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Innovate for Impact: Siemens Design Challenge

Driving solutions for zero hunger and clean water

Join a global movement to prepare, adapt and respond to the most pressing challenges in food and water. Nurture breakthrough ideas, apply human-centered design to engineer innovative hardware solutions that help achieve the United Nation’s Sustainable Development Goals by 2030.

Tracks

Zero Hunger Track

Design a postharvest off-grid preservation technology

Problem definition:
A way to reduce the farm-to-table food loss in lower resource settings that lack electricity

Background:
Roughly one third of the food produced in the world for human consumption every year — approximately 1.3 billion tons — is lost or wasted at a cost of roughly US $680 billion in industrialized countries and US $310 billion in developing countries. In developing countries, 40% of losses occur during the post-harvest and processing phases of food production. Food waste contributes up to 70 gigatons of greenhouse gases, or 11 percent of total emissions, therefore directly contributing to Climate Change.

Example of Applications:

  1. Storage
  2. Refrigeration

Prize:
One winner/winning team will be selected for the track. The winner will receive $10,000 USD and the opportunity to meet Siemens USA CEO in person. The winner will be promoted across Siemens USA and Engineering for Change platforms and receive exclusive invitations to industry events.



Clean Water Track

Design a very low-cost, energy-efficient, scalable technology for desalinating brackish water

Problem definition:
A way to remove salt contamination from water that is low-cost and energy-efficient.

Background:
97.5% of water on the Earth contains a high-concentration of salt, making it unsuitable for drinking or farming. By 2030, nearly 35% of the world’s human population will be living in water-stressed countries. Most water that is used for drinking and farming comes from low-salt or salt-free underground sources or surface water. However, due to increasing droughts and saltwater intrusion by rising sea levels brought on by climate change, these water sources are becoming more and more unreliable. Worldwide, engineers and scientists race to develop innovative methods to remove salt from water, but current solutions are extremely energy-intensive and high-cost.

Example of Applications:

  1. Drinking water
  2. Irrigation for farming

Prize:
One winner/winning team will be selected for the track. The winner will receive $10,000 USD and the opportunity to meet Siemens USA CEO in person. The winner will be promoted across Siemens USA and Engineering for Change platforms and receive exclusive invitations to industry events.


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Criteria

Throughout the challenge, you will be asked to:

  • Submit a text based application, explaining the problem area you are addressing and your proposed solution
  • Submit a short (60 seconds maximum) video introducing your team and product concept
  • Research and explore the needs of your end user
  • Design your concept in 3D CAD
  • Iterate your design based on the research you have conducted and provide justification for your decisions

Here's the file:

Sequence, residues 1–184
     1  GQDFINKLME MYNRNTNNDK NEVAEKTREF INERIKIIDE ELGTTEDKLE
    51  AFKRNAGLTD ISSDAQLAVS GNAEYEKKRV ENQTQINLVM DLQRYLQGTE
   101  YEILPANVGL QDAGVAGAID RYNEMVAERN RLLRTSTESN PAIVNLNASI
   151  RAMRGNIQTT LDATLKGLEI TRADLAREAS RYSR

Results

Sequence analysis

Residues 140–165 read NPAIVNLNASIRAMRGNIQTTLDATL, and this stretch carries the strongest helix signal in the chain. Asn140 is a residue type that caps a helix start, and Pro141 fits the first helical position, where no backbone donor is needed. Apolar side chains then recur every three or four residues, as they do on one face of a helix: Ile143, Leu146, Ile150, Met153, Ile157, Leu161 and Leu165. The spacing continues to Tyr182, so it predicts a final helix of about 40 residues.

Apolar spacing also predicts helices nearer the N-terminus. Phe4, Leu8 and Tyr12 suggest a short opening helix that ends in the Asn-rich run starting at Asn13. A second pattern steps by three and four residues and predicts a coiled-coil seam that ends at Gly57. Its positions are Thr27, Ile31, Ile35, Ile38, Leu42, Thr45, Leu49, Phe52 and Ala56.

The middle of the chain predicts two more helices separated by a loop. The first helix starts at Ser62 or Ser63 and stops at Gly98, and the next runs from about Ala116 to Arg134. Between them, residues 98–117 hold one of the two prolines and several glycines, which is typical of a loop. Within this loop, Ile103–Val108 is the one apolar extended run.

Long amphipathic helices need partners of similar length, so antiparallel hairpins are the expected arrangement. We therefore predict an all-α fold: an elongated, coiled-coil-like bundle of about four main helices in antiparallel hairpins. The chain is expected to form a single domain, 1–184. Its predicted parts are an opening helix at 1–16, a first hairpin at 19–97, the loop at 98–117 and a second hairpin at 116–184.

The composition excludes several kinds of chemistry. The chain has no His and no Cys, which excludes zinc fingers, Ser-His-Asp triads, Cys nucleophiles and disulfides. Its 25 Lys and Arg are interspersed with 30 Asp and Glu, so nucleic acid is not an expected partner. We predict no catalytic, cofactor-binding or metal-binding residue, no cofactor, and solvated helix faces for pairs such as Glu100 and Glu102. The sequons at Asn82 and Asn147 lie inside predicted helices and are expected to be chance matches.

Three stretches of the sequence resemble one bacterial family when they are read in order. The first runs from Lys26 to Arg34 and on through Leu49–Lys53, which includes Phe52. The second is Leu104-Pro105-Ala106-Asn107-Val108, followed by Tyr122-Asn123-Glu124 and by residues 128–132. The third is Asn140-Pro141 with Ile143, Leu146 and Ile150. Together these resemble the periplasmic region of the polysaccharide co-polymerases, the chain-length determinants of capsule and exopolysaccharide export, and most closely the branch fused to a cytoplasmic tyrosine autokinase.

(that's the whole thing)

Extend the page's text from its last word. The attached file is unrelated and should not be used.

• Simulate how your product works
  • Submit a video pitch of your proposed solution

Applications are now closed. Thank you for your interest in the Innovate for Impact: Siemens Design Challenge 2020
Sign-up as an E4C Member for updates!

Design Challenge Submission Checklist

  • Sign-up as a member on the Engineering for Change (E4C) website. It's free!
  • Familiarize yourself with the Resources section, in particular —
    • SDGs and 50 Breakthroughs
    • Tools provided by E4C and Siemens
  • Identify a problem, or opportunity, within one of the two stated challenge tracks above. Consider prior-art and how access, efficiency and/or usability might be improved through design, engineering or manufacturing.
  • Review the Design Parameters document for your selected track. (below)
  • Assemble a team. While individuals may participate by themselves, it is highly beneficial to leverage diverse backgrounds. Team composition will be considered during the judging process.
  • Draft an initial solution concept. Note that you will refine this concept over the course of the challenge. Solutions should address one of the two challenges posted. (At the planning & concept phase, concepts may be explorative, but should start to answer the questions listed in the Design Parameters.)
  • Log in to your Engineering for Change account and download your free license of Siemens Solid Edge 3D CAD software here.

Zero Hunger Track

E4C Membership is required for application. Sign-up for free here.

Only E4C members will gain access to the Innovate for Impact collaboration platform, hosted by Siemens, where they will be able to submit their concepts, collaborate with team members, and get feedback from experts.

E4C Membership is required for application. Sign-up for free here.

Only E4C members will gain access to the Innovate for Impact collaboration platform, hosted by Siemens, where they will be able to submit their concepts, collaborate with team members, and get feedback from experts.


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Judges

Plan and Learn Phase

Akshay Roongta

Akshay Roongta

Ooloi Labs, Co-founder

Akshay is a design researcher and strategist, and has worked in the areas of renewable ...
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Akshay is a design researcher and strategist, and has worked in the areas of renewable energy, sanitation, maternal health and education amongst others. He prefers working on projects which lie at the intersection of technology, operations, and design within the realm of social impact. He previously started up Amrutdhara, a social enterprise focused on building IoT based water ATMs to tackle the issue of access to safe drinking water in urban India. He is currently working on systems for involving grassroots workers in development planning using ICT and researching how organisations working in development planning build and share knowledge with his team at Ooloi Labs.

Bob Rabatsky

Bob Rabatsky

Fintrac, Inc. Senior Vice President (retired)

Specialist in agribusiness, project design, management, and evaluation with over 30 years...
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Specialist in agribusiness, project design, management, and evaluation with over 30 years of experience managing and implementing complex USAID and multilateral development bank projects in Africa, Asia, Eastern Europe and Latin America.

Danielle Nierenberg

Danielle Nierenberg

Food Tank, President